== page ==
Afghanistan: UN refugee agency deplores attacks on aid workers

5 October 2003

Responding to a spate of attacks on relief personnel in Afghanistan, the United Nations refugee agency today condemned the trend while vowing to continue its work on behalf of the country's beleaguered people.

“We are extremely concerned about repeated security incidents involving aid workers,” Maki Shinohara, a spokesperson for the UN High Commissioner for Refugees (UNHCR), told reporters in Kabul.

On Saturday morning, workers from the Demining Agency for Afghanistan (DAFA), which partners with the UN Mine Action Centre, were clearing mines in Zhare Dasht when they came under attack by four assailants driving up to their work site. One DAFA driver was injured and the group's vehicles were sprayed with bullets.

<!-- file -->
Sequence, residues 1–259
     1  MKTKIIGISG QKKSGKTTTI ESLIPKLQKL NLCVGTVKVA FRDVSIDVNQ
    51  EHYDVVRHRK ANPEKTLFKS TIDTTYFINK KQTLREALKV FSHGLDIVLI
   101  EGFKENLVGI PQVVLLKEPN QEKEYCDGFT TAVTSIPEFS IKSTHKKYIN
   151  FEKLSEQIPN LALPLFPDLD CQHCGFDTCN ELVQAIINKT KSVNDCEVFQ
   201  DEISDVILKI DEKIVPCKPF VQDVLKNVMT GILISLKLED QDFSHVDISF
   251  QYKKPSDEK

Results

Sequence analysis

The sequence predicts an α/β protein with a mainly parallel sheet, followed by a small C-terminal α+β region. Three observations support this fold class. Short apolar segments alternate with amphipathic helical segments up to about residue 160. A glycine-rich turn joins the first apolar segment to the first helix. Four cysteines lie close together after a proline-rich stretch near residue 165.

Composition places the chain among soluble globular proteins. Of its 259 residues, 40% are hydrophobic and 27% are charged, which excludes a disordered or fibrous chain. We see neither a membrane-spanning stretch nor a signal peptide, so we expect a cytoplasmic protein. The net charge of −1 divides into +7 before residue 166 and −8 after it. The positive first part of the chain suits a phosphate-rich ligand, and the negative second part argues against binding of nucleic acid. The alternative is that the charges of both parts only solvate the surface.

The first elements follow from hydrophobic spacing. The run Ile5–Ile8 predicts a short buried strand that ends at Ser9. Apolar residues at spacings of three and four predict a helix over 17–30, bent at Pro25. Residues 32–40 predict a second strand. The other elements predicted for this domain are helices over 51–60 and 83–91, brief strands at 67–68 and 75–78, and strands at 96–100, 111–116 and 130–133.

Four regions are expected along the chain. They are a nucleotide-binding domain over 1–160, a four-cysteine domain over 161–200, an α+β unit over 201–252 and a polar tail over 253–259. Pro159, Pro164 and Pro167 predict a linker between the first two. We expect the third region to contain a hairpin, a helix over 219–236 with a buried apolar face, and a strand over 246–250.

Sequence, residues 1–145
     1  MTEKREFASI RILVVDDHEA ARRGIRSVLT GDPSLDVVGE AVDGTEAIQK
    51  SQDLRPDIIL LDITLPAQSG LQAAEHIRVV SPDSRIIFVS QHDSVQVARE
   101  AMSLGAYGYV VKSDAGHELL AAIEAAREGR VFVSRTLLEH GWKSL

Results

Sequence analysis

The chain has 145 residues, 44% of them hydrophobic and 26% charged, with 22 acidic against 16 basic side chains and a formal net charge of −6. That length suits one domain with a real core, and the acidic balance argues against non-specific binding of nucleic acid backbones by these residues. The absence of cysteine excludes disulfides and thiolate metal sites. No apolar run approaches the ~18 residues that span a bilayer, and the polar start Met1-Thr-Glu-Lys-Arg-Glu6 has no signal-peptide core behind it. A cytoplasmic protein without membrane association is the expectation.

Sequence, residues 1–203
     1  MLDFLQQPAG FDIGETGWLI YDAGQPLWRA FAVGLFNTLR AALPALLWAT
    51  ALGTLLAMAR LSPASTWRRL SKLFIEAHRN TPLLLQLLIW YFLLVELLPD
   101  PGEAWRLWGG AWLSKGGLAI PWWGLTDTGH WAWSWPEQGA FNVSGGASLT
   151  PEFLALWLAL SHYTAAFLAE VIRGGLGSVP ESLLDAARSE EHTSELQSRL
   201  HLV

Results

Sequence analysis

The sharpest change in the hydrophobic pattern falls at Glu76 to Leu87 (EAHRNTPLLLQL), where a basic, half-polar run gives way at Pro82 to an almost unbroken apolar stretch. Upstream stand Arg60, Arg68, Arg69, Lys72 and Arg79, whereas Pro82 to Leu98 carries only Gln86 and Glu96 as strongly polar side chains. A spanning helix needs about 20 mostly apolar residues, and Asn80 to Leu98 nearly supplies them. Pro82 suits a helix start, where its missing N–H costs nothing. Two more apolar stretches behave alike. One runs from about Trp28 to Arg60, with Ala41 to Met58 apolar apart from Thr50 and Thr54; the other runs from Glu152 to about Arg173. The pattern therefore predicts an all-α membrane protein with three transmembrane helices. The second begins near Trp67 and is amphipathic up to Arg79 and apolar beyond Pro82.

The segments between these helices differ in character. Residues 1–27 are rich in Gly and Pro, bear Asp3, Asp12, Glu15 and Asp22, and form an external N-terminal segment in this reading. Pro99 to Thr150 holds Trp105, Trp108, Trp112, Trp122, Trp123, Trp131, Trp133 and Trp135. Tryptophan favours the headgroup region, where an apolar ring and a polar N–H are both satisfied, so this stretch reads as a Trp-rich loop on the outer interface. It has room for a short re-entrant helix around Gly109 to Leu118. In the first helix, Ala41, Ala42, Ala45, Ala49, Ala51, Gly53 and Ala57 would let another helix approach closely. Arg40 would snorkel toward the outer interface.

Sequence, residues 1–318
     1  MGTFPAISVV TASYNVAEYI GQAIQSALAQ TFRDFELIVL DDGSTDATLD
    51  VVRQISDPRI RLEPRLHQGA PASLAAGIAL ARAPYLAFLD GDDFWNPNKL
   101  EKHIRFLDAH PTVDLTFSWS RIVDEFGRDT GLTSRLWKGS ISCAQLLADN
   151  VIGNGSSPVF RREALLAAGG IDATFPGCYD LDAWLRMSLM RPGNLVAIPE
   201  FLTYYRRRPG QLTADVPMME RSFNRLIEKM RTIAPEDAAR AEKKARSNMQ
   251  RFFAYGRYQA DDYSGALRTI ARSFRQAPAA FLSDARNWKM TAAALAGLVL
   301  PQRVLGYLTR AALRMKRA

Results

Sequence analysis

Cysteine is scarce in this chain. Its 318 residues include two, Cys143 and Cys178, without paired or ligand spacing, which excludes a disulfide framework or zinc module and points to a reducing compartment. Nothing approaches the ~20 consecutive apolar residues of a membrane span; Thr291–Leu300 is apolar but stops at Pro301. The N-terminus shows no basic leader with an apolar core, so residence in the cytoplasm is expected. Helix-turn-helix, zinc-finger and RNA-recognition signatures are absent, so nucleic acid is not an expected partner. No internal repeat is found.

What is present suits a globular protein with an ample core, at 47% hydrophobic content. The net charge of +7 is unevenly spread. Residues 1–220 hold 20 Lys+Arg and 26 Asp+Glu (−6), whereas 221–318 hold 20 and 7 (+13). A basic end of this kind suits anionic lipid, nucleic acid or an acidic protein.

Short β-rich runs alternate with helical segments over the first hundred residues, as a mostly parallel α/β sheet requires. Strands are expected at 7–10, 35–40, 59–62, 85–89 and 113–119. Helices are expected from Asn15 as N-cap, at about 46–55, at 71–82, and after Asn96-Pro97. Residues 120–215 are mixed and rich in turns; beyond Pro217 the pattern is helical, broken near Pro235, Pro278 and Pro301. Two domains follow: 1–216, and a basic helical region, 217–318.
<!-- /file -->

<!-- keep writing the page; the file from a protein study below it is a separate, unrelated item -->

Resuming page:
“What is particularly alarming is that the assailants reportedly intended to gather and kill the demining group, but were distracted” from carrying out the task, Ms. Shinohara said.

The Kandahar authorities immediately sent armed guards in ten vehicles to the scene. Two suspects were arrested, but the assailants' vehicle reportedly drove off into the mountains.

The UNHCR spokesperson noted that Zhare Dasht, which hosts some 40,000 displaced Afghans, is flanked by armed guards, but following this incident, aid workers will likely have to resort to armed escorts to and from the settlement.

“We condemn with strongest possible terms such cowardly acts of attacking Afghan aid workers who are working hard to help the Afghan people,” Ms. Shinohara said. “The all-too-frequent security incidents frustrate assistance activities, but we will continue to help those in need to the best of our ability.”


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